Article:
Heat pan with a little clarified butter / ghee and quickly sear both sides of the steaks on high heat. Remove. Add the chopped garlic and onion into the hot pan and stir until aromas are released. Take care not to burn the garlic. Remove pan from heat. Return the steaks to the pan and stir to mix through.

Put pan contents into a heat proof plastic bag. Expell as much air as possible and seal with elastic bands. Be careful not to scald yourself.

- A sealed vacuum in the bag is ideal. But if a little care is taken and there are no obviously large pockets of air in the bag, the dish will work out fine.

This is where my husband went MacGyver on me and used a contraption made up of, a short length of stainless steel tube, elastic bands, a wine bottle stopper and its related vacuum pump to achieve a sealed vacuum without a commercial vacuum sealing device. -

Suspend the sealed bag in the pot of 60˚C water for a minimum of 2 hours.

Remove steaks from bag. Serve immediately, no resting needed.

Reserve liquid. Thicken and season to taste. Serve with steaks.

* Side dishes - roasted potatoes, vegetables etc.

Recommended read - see, The method is apparently from the 1800's....where they found plastic bags, I wonder....hmmm. Searing the steaks first arguably has taste and food safety benefits. Keeping a 60˚C water bath sacrifices the last bit of tenderness but is above the recommended pasteurization temperature.


Oct 11, 2010

Fish Dipping Sauce

Well, yeah.... we like this with fried fish, but you can always have it with other stuff... maybe some grilled shrimp, baked crabs .... whatever you think that needs dipping.
This is another one of the "must-haves" in my family. I wouldn't suggest storing it for too long, as raw onions don't keep too well. Since it's such a simple recipe and needs no cooking, it can be made shortly before consumption.
As with the sambal belacan recipe, there is no specific amounts for this. The main ingredients are listed and you just add as you please. Just don't make it too runny. Oh, and the bird's eye chilly on top? That's just for illustration purposes only but, hey, go ahead, if you like the hot stuff. By the way, did you know that fresh milk actually calms a burning tongue? Just thought that bit of information might come in useful .........


onions / shallots
chillies or you can just substitute with some sambal belacan
belacan granules, if not using sambal
calamansi limes
Sweet caramel soy sauce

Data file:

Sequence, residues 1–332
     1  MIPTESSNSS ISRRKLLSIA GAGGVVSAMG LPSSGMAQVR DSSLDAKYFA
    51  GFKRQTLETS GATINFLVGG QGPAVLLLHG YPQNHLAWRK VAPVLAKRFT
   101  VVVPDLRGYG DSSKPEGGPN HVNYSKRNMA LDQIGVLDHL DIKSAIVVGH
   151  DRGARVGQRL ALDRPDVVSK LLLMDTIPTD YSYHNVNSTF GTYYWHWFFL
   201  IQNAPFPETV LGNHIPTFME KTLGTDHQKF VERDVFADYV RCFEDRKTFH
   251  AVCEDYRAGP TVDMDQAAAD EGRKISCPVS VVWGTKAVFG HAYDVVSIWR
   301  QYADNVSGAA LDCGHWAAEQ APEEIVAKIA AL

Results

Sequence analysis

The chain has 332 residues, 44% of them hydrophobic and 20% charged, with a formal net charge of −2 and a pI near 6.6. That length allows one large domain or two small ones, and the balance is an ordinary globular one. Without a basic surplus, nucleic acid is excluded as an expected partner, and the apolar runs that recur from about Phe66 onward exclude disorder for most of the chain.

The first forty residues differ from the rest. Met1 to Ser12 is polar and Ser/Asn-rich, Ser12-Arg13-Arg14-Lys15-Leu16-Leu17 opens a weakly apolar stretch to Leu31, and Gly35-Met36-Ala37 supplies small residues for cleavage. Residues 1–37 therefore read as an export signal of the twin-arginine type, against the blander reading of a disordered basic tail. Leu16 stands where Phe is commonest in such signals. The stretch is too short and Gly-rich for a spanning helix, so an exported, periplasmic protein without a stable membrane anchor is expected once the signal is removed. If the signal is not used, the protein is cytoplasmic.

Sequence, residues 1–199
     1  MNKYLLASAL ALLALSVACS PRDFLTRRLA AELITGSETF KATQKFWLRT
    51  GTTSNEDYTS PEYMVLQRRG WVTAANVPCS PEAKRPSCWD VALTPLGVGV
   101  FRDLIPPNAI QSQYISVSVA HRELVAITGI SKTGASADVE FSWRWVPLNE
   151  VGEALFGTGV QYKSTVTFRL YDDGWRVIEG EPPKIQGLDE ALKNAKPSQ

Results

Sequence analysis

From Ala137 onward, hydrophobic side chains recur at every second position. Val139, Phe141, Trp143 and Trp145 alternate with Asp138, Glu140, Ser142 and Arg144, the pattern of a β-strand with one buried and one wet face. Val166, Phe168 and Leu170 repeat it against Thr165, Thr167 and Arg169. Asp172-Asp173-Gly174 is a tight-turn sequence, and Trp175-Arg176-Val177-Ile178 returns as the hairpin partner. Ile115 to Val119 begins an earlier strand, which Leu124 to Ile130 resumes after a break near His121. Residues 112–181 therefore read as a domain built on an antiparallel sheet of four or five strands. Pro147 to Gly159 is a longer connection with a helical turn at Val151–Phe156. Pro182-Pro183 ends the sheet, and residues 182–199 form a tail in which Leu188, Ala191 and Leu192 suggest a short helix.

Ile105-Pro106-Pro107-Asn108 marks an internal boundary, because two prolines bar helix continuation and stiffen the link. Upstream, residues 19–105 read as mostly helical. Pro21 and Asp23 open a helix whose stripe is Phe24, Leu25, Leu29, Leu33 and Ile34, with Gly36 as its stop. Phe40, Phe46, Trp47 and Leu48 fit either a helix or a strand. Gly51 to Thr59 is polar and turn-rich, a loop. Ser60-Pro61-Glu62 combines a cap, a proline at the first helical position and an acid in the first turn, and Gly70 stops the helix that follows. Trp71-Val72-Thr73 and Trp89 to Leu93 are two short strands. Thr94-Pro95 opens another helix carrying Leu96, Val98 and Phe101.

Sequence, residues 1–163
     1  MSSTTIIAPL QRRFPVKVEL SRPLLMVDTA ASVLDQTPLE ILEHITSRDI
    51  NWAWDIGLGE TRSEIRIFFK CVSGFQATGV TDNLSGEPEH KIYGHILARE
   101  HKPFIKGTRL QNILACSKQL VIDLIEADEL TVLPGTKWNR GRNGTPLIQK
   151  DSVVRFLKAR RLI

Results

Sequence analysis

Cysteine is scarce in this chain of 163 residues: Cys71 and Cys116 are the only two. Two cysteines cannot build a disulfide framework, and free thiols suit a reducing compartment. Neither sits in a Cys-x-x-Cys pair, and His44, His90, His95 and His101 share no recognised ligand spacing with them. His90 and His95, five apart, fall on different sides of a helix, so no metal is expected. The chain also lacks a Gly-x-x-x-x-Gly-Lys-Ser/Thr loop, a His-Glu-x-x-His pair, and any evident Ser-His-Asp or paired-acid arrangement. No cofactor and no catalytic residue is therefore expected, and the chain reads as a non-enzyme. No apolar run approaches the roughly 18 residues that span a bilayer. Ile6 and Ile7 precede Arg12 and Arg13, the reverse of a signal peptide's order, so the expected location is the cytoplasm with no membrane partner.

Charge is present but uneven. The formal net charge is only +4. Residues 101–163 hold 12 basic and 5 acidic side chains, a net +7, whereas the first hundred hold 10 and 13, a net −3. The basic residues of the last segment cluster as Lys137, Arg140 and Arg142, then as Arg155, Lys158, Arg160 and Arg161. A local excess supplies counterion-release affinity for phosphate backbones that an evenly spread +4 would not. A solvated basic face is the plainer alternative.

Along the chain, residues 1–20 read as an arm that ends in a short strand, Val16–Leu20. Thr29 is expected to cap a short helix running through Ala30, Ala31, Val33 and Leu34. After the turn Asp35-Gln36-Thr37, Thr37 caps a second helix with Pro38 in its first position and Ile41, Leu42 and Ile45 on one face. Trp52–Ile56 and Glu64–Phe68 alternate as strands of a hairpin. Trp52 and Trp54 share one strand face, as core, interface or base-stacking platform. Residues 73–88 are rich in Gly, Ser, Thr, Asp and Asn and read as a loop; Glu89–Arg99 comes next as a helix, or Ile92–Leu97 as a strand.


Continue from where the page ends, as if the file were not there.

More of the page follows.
Thinly slice onions or shallots and chillies (seeded, if using). Squeeze calamansi limes for juice and thinly slice the peel. (Peel is optional). Discard seeds.
Mix everything together. Taste, and if needed, add more chillies / sambal for more heat, more lime juice for tartness.
Leave in refrigerator for about 30 mins for all the flavors to combine before serving.


Oct 6, 2010

Lemongrass Ginger Ale

Meet Joe Rhizome....

“The Gingerman, he's not too lucky,
He ended up in a pot of curry.
Alas, that is not all to his tale,
He also ended up in my ginger ale.”

ping (Wordsworth, I ain't)

Hot! HOT! HOT! The weather's been rather fickle lately. In this part of the world, there's supposed to be just hot and rainy and it used to be such that even those days have their own times of the year to unleash their wrath upon us hapless folks. But the seasons have all gone wonkers and the monsoons and the dry days seem to come and go as they please. The last 2 days have been sweltering, after a whole week of electrical storms, strong winds and heavy downpours. Did I mention wonky?

I've just finished a good, hard-bashing game of tennis with my tennis-mad posse, and am ready for a long, cool swig of something refreshing. It was very humid and all that sweating... wait, no, not sweat. Ladies, I'm told, perspire... no, no, lemme get this right.... horses sweat, men perspire, ladies glow. Aaahh, that's right. Umm... cool drink, ok, so .... I remembered I had a batch of "improvised" ginger ale made 2 days ago and by now it should be nice and fizzy. Yup, glad I made those.

"Improvised" - as in, I added some 3 - 4 crushed lemon grass stalks to the basic ginger ale recipe that you can find here
. Add it in at the first step. If you prefer a stronger lemon grass taste, feel free to add more stalks. More improvisation? Some ice and a good glug of vodka, limoncello, gin, etc ... you get happier as you go further along the list.


Oct 2, 2010

Sambal Belacan/Shrimp Paste Chilli Sauce

This is the stuff that heaven is made of ..... or not. I don't suppose everyone will agree with me on that one.
Every nyonya home must have a ready supply of sambal belacan, anytime, anyday. This is one condiment that will knock your socks off. And if it doesn't, it's not good enough.
I've added some bird's eye chillies in the blend as I find today's red chillies lacking oomph. Does anyone else notice that or is it just me? Maybe my tastebuds have gone numb from all the years of being chillified.